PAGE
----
The number of Costco eCommerce and retail IT open job postings reached an all time high of 50 in September. A significant surge from the 20 postings it had in July, and 40 in August.
Prior to July, Costco only had a dozen eCommerce positions open in any given month. Half to staff its online pharmacy and half to support its online store. This left little room to innovate online. That’s in the past.
From software developers to business analysts, SEO specialists to automation analysts, Costco’s new eCommerce postings are signs it’s ready to innovate. The fact these postings are available to external candidates is also extraordinary. Costco historically “promotes from within” and fills office roles with store employees. It’s clear they’re struggling to fill all eCommerce and technology vacancies from within.
This gap in eCommerce talent has already impacted results. Costco’s September eCommerce sales were up +18% from last year, lagging behind Walmart at 37% and Target at 32%. Both Walmart and Target have more than triple the number of eCommerce postings Costco has this September.
The fact Costco is playing catch up online is due to its legacy retail culture. Buy things, sell things. Mike Parrott, Costco’s SVP of eCommerce, is a 19 years Costco veteran with 17 of those years as head of hardlines merchandising. He is no Marc Lore.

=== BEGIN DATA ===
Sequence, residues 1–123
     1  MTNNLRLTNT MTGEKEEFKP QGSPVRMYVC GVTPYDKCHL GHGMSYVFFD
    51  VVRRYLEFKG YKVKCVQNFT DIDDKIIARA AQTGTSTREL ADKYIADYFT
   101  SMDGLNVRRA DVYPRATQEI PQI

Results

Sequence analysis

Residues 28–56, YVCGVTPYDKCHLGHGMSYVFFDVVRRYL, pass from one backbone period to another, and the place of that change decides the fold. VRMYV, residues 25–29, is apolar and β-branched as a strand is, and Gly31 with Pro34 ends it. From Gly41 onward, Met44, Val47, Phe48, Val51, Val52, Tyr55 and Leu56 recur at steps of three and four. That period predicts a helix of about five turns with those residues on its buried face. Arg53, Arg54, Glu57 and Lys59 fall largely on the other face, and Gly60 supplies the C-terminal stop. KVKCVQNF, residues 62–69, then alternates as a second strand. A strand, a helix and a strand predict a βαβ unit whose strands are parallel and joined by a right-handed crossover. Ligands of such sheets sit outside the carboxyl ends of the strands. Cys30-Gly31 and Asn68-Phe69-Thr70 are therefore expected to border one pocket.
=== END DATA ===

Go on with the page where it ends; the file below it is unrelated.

Costco’s online strategy is purely about merchandising unique products at great value, just like its stores. Not about innovating on web experience, or offering convenient fulfillment options. Costco has in fact relied on Instacart for grocery delivery since 2017. Walmart and Target both delivery grocery themselves.
There is however one product category in which Costco has leadership online: Pharma. Costco has had a mail-order pharmacy in Corona, CA and Jeffersonville, IN years before Amazon acquired Pillpack. To maintain leadership, Costco announced it will be trialing 1-hour prescription deliveries. It can’t afford to lose any boomer business to rivals.